As Ron Paul wrote this week in his weekly column (free subscription here), the recent slight thaw in US/Iranian relations is reason for optimism. But, he warned, it should be very cautious optimism. He wrote that the danger from the neocons may even be greater when some progress is made in US/Iran relations:
[T]hose pushing for war will not give up that easily...There will be much more war propaganda coming our way as the warmongers get more desperate.
Likewise, he wrote that some Members of Congress are even trying to pass war authorization legislation against Iran. That is how out of touch with reality they are.

How right he was.
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NSA Wolves in Reformers' Clothing

There is nothing so dangerous as when Washington starts "reforming" something. Usually it means that despite best obfuscation efforts the administration or Congress has been caught doing something -- or not doing something -- sufficiently outrageous to create a public stir.

Once caught, said government body does not simply cease and desist or make good on its mistake. Instead, a commission is formed made up of current and former government officials and other Washington insiders, an expensive study is funded revealing that the problem was simply not enough oversight (i.e. government workers on the payroll), and a grand but confusing multi-part scheme with everything thrown in but the kitchen sink is implemented to great fanfare and media praise. The impression is left that the problem has been solved. Until the next time.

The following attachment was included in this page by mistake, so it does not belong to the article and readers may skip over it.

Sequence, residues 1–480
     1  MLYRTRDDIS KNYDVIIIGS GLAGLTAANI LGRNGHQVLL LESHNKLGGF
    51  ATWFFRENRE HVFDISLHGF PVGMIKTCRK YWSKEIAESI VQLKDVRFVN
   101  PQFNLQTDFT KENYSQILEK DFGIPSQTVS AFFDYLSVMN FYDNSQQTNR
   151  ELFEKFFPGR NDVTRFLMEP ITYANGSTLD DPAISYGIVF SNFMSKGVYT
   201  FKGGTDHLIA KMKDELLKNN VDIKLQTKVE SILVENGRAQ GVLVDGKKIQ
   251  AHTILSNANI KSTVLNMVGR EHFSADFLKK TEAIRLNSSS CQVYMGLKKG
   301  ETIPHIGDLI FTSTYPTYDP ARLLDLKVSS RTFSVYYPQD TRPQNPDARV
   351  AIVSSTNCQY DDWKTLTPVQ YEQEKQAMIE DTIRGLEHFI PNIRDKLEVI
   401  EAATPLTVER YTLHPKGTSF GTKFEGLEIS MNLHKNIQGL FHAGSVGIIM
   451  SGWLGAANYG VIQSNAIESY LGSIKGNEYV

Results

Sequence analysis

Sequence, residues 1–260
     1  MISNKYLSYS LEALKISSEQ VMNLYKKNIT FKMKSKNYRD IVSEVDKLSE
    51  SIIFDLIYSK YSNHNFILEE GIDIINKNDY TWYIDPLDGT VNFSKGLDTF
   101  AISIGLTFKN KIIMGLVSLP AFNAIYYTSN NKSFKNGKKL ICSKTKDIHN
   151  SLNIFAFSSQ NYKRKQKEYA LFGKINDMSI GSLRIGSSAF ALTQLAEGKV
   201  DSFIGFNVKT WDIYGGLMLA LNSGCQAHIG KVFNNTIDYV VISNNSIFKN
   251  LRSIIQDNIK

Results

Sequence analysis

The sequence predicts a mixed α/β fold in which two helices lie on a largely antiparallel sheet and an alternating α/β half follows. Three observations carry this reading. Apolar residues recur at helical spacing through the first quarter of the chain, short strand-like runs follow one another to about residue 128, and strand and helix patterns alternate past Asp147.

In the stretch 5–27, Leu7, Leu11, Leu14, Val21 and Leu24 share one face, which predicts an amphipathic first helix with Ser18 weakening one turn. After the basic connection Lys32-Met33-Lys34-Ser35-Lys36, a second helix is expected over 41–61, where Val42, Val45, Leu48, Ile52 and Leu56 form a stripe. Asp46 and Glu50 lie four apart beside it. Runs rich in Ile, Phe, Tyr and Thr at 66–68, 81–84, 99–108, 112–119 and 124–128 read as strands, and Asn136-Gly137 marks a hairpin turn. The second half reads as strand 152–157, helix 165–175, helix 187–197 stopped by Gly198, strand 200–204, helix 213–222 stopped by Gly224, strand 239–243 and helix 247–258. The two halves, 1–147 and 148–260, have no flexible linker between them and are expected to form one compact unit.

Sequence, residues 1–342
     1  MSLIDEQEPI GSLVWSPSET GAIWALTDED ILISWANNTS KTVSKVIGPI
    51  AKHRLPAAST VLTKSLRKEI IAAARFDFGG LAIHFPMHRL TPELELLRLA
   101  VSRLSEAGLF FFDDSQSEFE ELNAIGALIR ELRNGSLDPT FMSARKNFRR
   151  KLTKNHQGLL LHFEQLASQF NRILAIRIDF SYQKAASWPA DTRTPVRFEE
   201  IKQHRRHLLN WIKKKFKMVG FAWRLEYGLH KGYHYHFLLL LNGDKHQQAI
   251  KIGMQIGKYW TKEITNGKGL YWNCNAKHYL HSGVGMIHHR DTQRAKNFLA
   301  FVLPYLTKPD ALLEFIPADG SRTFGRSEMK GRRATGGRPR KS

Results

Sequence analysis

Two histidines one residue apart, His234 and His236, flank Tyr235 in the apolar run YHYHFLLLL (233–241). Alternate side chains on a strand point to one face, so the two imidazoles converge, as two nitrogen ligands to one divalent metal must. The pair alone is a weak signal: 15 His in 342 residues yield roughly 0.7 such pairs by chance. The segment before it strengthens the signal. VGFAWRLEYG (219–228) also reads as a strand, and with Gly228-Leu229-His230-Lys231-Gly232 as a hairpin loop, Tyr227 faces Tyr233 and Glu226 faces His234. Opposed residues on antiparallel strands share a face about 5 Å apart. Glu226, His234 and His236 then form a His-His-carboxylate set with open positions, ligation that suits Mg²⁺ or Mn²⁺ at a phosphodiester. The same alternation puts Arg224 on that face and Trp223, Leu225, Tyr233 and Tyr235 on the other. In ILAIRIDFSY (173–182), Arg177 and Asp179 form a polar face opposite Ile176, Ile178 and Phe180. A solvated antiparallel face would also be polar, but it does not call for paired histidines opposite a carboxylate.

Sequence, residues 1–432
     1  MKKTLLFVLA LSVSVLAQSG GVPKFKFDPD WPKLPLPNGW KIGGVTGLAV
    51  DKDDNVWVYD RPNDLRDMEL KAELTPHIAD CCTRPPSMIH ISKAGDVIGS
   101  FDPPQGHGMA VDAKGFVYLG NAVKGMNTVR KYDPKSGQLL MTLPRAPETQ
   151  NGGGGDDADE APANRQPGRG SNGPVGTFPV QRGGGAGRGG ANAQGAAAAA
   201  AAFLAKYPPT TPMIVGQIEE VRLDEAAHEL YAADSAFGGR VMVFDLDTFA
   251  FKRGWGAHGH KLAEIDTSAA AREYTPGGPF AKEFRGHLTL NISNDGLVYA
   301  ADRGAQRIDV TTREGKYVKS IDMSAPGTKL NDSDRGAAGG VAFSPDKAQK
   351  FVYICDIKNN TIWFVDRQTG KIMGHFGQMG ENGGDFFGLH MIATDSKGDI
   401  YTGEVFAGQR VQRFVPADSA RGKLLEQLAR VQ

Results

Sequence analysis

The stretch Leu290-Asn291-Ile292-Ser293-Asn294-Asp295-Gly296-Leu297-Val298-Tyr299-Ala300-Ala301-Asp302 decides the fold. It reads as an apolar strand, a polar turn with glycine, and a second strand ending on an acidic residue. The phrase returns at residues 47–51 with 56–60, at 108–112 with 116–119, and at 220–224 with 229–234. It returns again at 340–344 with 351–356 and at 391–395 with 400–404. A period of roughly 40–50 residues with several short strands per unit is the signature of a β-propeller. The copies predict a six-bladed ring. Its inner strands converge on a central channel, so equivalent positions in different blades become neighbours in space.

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Did Sen. Reid Let Slip Secret Plan to Use Navy Yard Killings as Excuse for New Medical Privacy Violations?

There is reason for concern that the US Congress and the National Rifle Association may soon  work together to use the Washington, DC Navy Yard killings earlier this week as an excuse to expand a US government database of all Americans' private medical information.

The day after the Navy Yard killings, US Senate Majority Leader Harry Reid was talking about bringing expanded gun transfer background checks to a vote in the Senate. Bloomberg reports:
Senate Majority Leader Harry Reid, a Nevada Democrat, said he’ll schedule another vote to expand firearms background checks “as quickly as we can” when enough members support the bill. Reid said at the moment, the Senate lacks enough votes to pass the legislation.

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Ron Paul on Larry King's Politicking Program

Ron Paul interviewed by Larry King yesterday -- don't miss it! Unfortunately at this point it is audio only, but please do not let that discourage you from listening to this excellent and informative video:
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Twisted Arms and Talking Points: Behind the Iran Sanctions Bill Debate

On Wednesday, the House debated and passed overwhelmingly HR 850, the Iran Nuclear Prevention Act of 2013. As we wrote on the eve of the vote, these new sanctions are timed to disrupt the inauguration of Iran’s new president, a moderate, and to severely restrict Iranian oil exports. Those who have gone along with increasingly restrictive limitations on oil exports to this point, for example Japan and China, may well find this a bridge too far.